While existing 50cl Volvic bottles were made from non-renewable petroleum, the new bottles, rolling out in December, will be made from 25% recycled plastic derived from used bottles and BioPET, a new plant-based plastic developed by brand owner Danone.
The BioPET, made from PET and fermented and dehydrated sugarcane waste, meant bottles contained 20% plant material, reducing the amount of non-renewable material required, said Danone.
They therefore had a 38% lower packaging carbon footprint and a 16% lower lifecycle footprint, it claimed. They also weighed 15g 2g less than existing bottles.
Danone, which will flag up the changes on pack, described the move as "a milestone" in its plan to reduce the global carbon footprint of Volvic by 40% on 2008 levels by 2012.
"What we're announcing today is just the first step to integrating renewable materials into our bottles," said Stéphane Cousté, director of nature committee, Evian Volvic Worldwide.
However, he disagreed that suppliers had a fight on their hands to improve the environmental credentials of bottled water.
"It's not a matter of overturning consumer perception, rather reducing the impact of our products and our business as much as we can," he said. "We've set high goals, and genuinely cutting-edge innovation such as BioPET is necessary to meet them."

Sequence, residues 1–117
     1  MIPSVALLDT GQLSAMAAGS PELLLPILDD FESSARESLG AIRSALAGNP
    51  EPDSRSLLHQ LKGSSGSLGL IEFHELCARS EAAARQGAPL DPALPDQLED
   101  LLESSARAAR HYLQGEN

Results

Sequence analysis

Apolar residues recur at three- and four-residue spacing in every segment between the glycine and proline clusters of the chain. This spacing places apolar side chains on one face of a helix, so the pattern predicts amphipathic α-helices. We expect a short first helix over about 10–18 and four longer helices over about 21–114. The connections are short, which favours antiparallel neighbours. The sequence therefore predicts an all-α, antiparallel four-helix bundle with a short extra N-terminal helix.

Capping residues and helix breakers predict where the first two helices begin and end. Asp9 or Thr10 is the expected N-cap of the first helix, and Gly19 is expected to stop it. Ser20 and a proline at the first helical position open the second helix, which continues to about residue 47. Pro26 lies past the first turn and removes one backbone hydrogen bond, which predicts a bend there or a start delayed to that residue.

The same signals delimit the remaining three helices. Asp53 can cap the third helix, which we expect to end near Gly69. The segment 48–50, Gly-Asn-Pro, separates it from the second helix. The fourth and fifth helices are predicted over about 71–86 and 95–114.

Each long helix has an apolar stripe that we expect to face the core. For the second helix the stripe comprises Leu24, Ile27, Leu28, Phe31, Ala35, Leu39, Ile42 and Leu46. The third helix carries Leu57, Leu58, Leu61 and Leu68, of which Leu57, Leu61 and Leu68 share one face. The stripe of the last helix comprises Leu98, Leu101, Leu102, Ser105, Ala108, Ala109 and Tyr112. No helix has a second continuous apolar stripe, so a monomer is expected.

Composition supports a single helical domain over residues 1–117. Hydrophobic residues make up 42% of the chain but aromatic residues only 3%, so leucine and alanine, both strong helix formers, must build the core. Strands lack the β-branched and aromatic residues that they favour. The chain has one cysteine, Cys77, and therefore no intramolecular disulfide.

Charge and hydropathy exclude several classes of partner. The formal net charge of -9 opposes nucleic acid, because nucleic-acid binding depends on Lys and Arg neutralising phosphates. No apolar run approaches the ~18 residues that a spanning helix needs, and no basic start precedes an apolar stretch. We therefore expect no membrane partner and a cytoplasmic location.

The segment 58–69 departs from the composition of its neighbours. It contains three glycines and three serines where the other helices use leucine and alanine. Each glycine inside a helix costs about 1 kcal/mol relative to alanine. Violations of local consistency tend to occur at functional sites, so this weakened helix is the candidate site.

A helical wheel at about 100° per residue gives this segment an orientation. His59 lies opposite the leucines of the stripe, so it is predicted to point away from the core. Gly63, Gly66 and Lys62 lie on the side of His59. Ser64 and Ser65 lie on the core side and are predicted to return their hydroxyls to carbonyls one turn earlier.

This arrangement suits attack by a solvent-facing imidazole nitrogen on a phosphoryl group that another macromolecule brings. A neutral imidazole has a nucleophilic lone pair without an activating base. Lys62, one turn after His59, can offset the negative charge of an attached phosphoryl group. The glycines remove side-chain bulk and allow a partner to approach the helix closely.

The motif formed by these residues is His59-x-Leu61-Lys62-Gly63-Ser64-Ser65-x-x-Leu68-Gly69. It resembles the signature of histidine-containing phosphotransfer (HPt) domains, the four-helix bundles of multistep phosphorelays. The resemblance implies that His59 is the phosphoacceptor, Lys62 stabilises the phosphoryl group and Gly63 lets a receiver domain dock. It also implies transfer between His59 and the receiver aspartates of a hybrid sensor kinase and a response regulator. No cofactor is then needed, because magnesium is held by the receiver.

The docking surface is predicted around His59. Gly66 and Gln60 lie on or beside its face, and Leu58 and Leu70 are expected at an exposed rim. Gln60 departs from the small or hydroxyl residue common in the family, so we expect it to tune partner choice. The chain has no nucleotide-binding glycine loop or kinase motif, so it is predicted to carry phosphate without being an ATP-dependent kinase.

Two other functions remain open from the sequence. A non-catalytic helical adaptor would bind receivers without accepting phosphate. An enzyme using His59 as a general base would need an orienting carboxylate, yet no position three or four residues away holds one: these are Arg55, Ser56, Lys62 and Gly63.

This week also saw the launch of a new 'green' 50cl bottle from British bottled water brand Belu. Made from 50% recycled PET, and with a 46% carbon saving compared to its PET equivalent, Belu claimed it used more recycled plastics than any other plastic-bottled water on the UK market.
"The bottled water sector has been criticised for not doing enough to recycle or to use recycled plastics in the manufacturing process," said MD Karen Lynch.The company's new green credentials would help it expand beyond restaurants and into mainstream grocery, she added.